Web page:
No matter what kind of health assessment form you devise for returning veterans, many, especially reservist, will lie so they can go home.
Service members should not be trusted to fill out health assessments alone. From personal observation, I know many, especially reservists, will lie on any question they suspect could keep them from going home. The health assessment should be administered by a professional who is trained to observe signs of equivocation or outright lies. As things stand now, a soldier with clear symptoms of PTSD or TBI can slip through the system, return to society, and then manifest their disorder some time later causing much damage to relationships and property. The fear that the demobilization station would retain anyone who has certain injuries can be mitigated by assuring the service member he will have an opportunity for homecoming before returning to a Warrior Transition Unit. WTUs have acquired the reputation of being prison-like. (I have lived in two of these and know first hand.) Giving wounded warriors a pass or leave can make the soldier less likely to lie when he realizes he can come back to get help and still get to have a reunion.
Thank you Chaplain. Concur that this is a challenge. I know DOD has tried a number of things to reduce this issue, including mandatory face ot face meetings with a provider. VA has instituted a mandatory screen for new (OIF/OEF) Veterans when they enter the VA medical system for the first time.
Thank you again for taking the time to leave your thoughts with us.
Yep. Active military returns to a base, where there families are, and have days, weeks, or even months after redeployment, to do any health assessment. Reserve & National Guard, return to a base thats 100's or 1000's of miles from their hometown, and family. Then we were told we needed to pass the out processing physical, before we could go home, otherwise we were kept on medical hold, and had to stay on the base. Not so much that the soldier is lying to go home, but in their mind, right after returning from a war, and still going through jet lag, and wanting to see their family, they convince them selves that any problem they have, is trivial and will soon heal.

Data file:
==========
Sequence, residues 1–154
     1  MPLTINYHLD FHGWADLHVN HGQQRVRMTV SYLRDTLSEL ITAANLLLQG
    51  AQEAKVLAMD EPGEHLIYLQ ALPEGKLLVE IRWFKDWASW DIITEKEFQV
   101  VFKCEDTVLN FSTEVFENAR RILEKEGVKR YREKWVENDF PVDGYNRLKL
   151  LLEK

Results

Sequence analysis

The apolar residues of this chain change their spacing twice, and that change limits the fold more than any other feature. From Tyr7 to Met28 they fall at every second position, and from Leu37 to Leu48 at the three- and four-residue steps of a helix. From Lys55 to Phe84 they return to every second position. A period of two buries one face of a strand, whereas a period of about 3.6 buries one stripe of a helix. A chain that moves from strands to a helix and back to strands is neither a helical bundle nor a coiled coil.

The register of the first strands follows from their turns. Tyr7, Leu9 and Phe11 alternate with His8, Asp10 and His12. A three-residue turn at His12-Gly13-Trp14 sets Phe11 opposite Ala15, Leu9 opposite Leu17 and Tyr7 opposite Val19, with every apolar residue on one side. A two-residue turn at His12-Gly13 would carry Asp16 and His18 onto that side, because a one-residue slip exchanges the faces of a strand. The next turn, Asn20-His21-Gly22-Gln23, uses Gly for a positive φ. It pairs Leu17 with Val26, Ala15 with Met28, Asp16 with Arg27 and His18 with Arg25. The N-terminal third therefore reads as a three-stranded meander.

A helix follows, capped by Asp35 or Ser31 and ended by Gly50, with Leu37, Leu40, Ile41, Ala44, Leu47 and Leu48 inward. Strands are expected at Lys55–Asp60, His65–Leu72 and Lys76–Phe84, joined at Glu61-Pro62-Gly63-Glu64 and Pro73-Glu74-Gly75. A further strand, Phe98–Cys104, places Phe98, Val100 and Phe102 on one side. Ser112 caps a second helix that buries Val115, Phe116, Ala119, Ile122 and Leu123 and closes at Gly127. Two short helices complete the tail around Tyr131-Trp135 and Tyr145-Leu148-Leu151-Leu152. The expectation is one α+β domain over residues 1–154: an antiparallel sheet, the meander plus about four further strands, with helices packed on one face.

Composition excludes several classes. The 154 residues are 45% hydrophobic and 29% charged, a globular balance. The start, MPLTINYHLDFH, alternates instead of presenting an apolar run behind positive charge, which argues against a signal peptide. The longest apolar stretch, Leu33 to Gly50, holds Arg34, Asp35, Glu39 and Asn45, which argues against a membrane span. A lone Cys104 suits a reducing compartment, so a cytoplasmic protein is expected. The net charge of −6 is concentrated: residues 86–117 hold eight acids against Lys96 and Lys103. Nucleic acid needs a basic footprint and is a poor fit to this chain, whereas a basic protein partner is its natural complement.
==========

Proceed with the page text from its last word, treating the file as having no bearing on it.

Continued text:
Its not fair, that reserve component soldiers have a year from the end of their mobilization to show signs or symptoms of these nine infectious diseases, and other issues, Yet an active duty soldier that faced the same exposures while deployed, has until a year after they leave active duty, to show signs, symptoms, and what not. Are their bodies different, that they have different latency times?
Let them go home, and bring them back in for a physical around six months, or so, then again a year or two later.
Another factor, is many soldiers are afraid of being kicked out of the reserves, if they are not deployable. Every effort should be tried to retain them, they can be a huge asset for training.